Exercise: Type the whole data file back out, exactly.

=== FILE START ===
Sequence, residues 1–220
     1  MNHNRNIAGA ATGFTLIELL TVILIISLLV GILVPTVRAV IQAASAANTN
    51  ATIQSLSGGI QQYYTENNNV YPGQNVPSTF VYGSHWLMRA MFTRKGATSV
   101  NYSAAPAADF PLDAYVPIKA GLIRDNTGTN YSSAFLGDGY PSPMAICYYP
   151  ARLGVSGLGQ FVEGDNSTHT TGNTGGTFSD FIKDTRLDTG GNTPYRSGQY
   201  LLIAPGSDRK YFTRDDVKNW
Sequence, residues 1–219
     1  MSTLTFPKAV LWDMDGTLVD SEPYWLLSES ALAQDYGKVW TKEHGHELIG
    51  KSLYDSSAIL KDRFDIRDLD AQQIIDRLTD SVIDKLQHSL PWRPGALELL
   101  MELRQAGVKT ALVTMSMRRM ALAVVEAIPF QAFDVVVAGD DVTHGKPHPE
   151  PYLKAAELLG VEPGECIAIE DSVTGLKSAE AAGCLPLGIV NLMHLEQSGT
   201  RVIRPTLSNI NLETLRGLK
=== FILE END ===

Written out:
Sequence, residues 1–220
     1  MNHNRNIAGA ATGFTLIELL TVILIISLLV GILVPTVRAV IQAASAANTN
    51  ATIQSLSGGI QQYYTENNNV YPGQNVPSTF VYGSHWLMRA MFTRKGATSV
   101  NYSAAPAADF PLDAYVPIKA GLIRDNTGTN YSSAFLGDGY PSPMAICYYP
   151  ARLGVSGLGQ FVEGDNSTHT TGNTGGTFSD FIKDTRLDTG GNTPYRSGQY
   201  LLIAPGSDRK YFTRDDVKNW
Sequence, residues 1–219
     1  MSTLTFPKAV LWDMDGTLVD SEPYWLLSES ALAQDYGKVW TKEHGHELIG
    51  KSLYDSSAIL KDRFDIRDLD AQQIIDRLTD SVIDKLQHSL PWRPGALELL
   101  MELRQAGVKT ALVTMSMRRM ALAVVEAIPF QAFDVVVAGD DVTHGKPHPE
   151  PYLKAAELLG VEPGECIAIE DSVTGLKSAE AAGCLPLGIV NLMHLEQSGT
   201  RVIRPTLSNI NLETLRGLK